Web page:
This is true!
Does your employer require or dissuade you and your co-workers from discussing your wages? In 2010, nearly half of all workers nationally reported that they were either contractually forbidden or strongly discouraged from discussing their pay with their colleagues, according to results from a 2010 Institute for Women’s Policy Research/Rockefeller Survey of Economic Security.
Many argue that pay secrecy policies serve to perpetuate disparities in pay between men and women or other categories of workers and that laws protecting workers can help end such disparities. The idea is if women find out their male co-workers are earning more, they can do something about it.
Under the National Labor Relations Act (NLRA) of 1935, most employees are legally allowed to discuss their salaries under even if they sign a nondisclosure agreement. The Act also prohibits employers from imposing or even implying pay secrecy policies.
However, there are certain positions that are specifically excluded from this law:
- Workers in religious schools (they must follow the school’s rules)
- Agricultural Laborers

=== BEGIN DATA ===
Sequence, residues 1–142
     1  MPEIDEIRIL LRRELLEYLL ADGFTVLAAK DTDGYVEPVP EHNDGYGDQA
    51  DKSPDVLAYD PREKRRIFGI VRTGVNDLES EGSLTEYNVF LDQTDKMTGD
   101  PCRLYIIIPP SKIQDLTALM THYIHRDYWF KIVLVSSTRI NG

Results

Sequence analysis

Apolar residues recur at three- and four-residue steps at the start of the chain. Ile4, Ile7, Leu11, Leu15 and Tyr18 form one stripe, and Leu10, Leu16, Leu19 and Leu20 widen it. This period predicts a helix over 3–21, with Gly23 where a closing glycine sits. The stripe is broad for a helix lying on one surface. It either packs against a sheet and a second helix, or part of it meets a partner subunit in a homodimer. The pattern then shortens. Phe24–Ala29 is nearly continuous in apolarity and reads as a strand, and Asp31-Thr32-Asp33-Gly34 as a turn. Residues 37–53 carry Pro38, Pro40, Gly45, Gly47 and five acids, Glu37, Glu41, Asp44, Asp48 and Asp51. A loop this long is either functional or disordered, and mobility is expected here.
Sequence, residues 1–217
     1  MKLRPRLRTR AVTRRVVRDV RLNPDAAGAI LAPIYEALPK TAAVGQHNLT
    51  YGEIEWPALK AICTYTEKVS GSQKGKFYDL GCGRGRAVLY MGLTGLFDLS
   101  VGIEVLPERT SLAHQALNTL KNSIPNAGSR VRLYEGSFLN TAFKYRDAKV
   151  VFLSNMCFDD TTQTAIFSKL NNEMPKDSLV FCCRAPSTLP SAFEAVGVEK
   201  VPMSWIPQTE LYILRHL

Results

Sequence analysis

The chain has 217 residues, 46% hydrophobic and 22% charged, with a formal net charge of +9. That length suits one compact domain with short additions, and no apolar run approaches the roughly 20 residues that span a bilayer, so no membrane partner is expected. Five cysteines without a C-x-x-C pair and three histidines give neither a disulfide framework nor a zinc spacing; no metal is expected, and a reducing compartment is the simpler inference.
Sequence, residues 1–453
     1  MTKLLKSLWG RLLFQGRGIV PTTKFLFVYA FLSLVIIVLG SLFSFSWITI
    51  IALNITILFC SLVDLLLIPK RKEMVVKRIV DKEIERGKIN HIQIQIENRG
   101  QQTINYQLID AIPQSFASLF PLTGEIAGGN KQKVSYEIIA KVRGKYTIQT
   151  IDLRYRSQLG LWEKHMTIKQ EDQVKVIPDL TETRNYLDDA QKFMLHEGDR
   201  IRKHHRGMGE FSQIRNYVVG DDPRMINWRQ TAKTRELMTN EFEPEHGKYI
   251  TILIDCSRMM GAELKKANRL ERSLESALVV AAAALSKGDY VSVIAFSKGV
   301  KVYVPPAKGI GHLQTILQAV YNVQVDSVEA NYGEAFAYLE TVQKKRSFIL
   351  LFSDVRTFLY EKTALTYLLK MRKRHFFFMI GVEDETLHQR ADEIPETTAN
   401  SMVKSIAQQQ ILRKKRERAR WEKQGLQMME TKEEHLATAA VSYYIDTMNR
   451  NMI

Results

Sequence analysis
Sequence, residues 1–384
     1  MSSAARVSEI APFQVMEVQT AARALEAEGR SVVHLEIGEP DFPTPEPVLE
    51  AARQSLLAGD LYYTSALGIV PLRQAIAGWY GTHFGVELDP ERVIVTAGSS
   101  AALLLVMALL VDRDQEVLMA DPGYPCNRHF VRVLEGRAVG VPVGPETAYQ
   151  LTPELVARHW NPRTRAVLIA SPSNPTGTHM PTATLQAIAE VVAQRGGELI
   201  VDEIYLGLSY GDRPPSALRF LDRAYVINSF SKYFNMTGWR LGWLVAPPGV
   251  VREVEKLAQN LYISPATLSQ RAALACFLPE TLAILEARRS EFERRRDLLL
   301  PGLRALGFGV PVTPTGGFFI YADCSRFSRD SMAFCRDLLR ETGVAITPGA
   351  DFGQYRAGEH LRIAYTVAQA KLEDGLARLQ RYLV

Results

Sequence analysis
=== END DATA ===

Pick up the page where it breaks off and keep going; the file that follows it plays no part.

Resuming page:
- Airline employees
- Supervisors (who aren’t classed as “employees” for this purpose)
- Independent Contractors
Government workers were previously exempted under the NLRA, but Executive Order 13665, signed by President Barack Obama in 2014, now guarantees federal employees the right to discuss salaries and wages.
While an employer cannot stop you from talking about your salary in general, they are within their right to ask you not to do it on company time.
The National Labor Relations Act (NLRA) also protects two or more employees speaking to their employer about improving their compensation.
State Laws Protecting Workers’ Rights to Discuss Wages
California Equal Pay Act. In addition to requiring equal pay for employees who perform “substantially similar work,” the California Equal Pay Act also provides in relevant part:
“An employer may not prohibit an employee from disclosing his or her own wages, discussing the wages of others, inquiring about another employee’s wages, or aiding or encouraging any other employee to exercise rights under the Equal Pay Act. Accordingly, an employer may not retaliate against an employee for engaging in such conduct.”
Believe it or not, in 1982 Michigan was the first state to enact a law which protected employee rights to discuss wages. Between 2000 and 2014 eight additional states–Colorado, Illinois, Louisiana, Maine, Minnesota, New Jersey, Vermont, and New Hampshire–enacted “pay secrecy” laws.
What do you think? Is pay transparency desirable or can it cause jealousy or even infighting in the workplace?